£35m government cash injection will protect vital freight routes

A £35m government fund will help provide the continued movement of freight services at harbours like Belfast
Gary McDonald Business Editor

VITAL freight routes into and out of Northern Ireland will continue to run smoothly as the result of a £35 million government scheme to help ensure critical goods such as food and medical supplies can move freely.

The Department for Transport has signed agreements with six operators to provide funding to help ensure there is enough freight capacity to prevent any disruption to the flow of goods.

The decision has been made to protect 16 of the most important routes covering the English Channel, Short Strait, the North Sea and routes between Britain and Northern Ireland which were previously at risk of closure due to a drop in demand as a result of coronavirus.

They will now be designated as Public Service Obligation routes for a period of up to 9 weeks.

Transport Secretary Grant Shapps said: "From the very beginning of the outbreak, we have committed to do whatever it takes to minimise the disruption caused by Covid-19.

"By taking this action, we have helped protect the movement of goods and services in and out of the UK, safeguarding the flow of supplies across the Union."

The Department for Transport said it continues to work closely with the transport sector and devolved administrations to monitor the situation on all freight routes (not just those in the scheme) to keep goods moving freely.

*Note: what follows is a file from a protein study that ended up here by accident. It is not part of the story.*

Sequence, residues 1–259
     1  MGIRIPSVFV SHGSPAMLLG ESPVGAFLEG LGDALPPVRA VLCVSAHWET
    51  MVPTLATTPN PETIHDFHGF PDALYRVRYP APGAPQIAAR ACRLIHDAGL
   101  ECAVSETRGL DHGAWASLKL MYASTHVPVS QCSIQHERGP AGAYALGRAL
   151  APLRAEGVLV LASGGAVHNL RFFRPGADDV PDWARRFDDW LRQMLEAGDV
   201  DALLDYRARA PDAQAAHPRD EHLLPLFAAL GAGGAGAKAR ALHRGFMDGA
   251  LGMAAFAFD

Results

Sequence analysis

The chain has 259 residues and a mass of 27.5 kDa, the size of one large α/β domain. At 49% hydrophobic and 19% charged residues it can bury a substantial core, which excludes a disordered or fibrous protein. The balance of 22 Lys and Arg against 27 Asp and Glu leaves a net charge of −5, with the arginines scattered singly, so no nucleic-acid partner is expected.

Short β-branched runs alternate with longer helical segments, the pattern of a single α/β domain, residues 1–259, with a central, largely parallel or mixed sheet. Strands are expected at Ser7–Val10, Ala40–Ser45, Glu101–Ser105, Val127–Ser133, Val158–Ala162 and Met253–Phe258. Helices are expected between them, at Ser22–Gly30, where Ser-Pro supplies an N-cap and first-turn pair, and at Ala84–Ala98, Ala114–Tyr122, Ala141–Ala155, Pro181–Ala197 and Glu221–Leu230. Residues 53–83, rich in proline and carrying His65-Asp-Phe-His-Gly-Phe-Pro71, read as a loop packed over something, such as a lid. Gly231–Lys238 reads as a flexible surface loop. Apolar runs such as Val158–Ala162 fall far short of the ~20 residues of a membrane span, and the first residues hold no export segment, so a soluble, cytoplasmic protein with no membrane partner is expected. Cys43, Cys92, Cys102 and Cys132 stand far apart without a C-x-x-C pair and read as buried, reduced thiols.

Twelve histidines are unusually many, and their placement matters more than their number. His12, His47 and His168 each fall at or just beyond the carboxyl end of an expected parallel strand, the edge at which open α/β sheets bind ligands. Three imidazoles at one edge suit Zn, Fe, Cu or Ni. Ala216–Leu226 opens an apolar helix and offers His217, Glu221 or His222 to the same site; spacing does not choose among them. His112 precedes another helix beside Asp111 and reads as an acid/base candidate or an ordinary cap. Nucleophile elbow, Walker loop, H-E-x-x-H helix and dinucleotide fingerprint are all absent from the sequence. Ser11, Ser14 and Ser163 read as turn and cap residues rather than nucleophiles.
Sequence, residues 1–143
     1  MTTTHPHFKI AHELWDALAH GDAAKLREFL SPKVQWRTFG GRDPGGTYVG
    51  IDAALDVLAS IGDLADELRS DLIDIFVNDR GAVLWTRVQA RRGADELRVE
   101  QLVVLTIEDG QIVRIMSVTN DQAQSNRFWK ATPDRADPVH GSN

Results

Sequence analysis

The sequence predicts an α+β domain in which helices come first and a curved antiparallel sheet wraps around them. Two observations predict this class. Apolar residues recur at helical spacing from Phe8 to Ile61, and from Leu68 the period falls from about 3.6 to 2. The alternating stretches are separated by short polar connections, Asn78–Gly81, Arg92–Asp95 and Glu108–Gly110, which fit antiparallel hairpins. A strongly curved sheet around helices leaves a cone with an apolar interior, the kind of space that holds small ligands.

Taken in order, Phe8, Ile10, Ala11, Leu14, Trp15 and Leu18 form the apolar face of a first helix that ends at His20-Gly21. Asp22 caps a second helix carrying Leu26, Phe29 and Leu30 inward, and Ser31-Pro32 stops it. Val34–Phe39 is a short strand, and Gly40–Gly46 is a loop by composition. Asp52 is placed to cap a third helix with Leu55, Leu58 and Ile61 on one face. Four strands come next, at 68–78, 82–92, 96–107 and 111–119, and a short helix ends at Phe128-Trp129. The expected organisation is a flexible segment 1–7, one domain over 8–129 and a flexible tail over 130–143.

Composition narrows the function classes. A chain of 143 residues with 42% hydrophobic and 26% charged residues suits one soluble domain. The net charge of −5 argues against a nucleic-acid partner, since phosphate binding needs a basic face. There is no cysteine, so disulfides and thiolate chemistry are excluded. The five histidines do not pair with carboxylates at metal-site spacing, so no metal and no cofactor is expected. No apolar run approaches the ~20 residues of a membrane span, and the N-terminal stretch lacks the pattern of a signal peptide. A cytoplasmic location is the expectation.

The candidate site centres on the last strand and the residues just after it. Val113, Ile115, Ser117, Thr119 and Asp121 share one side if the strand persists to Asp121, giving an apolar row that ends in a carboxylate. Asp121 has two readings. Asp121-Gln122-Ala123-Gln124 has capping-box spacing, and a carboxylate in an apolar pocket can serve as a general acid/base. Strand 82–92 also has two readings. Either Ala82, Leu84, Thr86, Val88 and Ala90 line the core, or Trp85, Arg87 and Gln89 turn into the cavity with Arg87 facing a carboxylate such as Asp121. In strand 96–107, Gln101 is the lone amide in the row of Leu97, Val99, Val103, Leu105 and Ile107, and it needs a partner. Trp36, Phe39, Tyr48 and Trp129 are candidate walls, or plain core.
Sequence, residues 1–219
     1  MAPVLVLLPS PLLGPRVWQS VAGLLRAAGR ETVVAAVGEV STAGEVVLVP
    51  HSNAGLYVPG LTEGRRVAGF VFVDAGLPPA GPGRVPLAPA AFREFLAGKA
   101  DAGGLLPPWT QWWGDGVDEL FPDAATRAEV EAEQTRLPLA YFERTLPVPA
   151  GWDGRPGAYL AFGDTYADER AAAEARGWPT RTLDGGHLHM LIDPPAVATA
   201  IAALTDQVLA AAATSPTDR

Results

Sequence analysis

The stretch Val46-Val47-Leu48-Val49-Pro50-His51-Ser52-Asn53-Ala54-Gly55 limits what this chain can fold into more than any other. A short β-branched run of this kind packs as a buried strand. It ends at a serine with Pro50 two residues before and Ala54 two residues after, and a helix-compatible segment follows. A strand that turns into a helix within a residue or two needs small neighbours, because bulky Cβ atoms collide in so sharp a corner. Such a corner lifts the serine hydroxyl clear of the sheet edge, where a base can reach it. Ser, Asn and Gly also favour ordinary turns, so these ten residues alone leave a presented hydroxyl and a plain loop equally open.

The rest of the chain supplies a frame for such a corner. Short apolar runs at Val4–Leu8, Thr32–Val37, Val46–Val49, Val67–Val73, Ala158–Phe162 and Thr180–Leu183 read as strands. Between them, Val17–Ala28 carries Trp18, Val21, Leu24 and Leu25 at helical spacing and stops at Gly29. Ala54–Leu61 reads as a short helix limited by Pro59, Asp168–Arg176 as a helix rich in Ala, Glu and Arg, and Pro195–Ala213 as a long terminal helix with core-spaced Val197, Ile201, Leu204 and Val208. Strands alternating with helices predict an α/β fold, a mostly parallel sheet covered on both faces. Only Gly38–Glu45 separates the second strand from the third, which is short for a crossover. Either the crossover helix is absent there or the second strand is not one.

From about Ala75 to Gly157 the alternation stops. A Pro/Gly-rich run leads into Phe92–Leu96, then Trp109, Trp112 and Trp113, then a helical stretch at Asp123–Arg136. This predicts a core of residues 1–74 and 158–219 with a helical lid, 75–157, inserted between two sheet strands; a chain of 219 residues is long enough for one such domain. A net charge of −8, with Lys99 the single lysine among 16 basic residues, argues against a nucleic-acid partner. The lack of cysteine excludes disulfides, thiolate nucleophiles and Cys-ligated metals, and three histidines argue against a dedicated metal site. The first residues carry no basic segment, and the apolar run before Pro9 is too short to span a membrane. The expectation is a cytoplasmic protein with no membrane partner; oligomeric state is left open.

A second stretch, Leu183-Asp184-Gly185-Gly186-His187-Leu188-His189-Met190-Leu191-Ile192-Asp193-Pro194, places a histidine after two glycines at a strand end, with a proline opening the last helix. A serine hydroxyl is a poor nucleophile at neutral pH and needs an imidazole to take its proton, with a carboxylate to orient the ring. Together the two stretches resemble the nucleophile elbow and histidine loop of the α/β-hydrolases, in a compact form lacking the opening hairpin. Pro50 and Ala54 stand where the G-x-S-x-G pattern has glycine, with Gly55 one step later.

The agreements follow the UK, French and Irish governments’ pledge to work together on temporary measures to ensure Covid-19 does not threaten vital freight routes between the countries.

In April it was confirmed that ports in Belfast, Larne and Warrenpoint were to benefit from an injection of up to £17m to help keep ferries sailing and maintain the flow of food and medical supplies during the current crisis.

That fund, signed off by infrastructure minister Nichola Mallon, provided a shortfall cost subsidy to ensure routes run by Stena Line, P&O and Seatruck break even.

The scheme applied to five key routes – those linking Belfast with Heysham, Liverpool and Cairnryan, as well as Cairnryan-Larne and Heysham-Warrenpoint.

This support is for two months and is estimated to cost between £10.6m and £16.6m, with the Stormont Executive agreeing to pick up 40 per cent.

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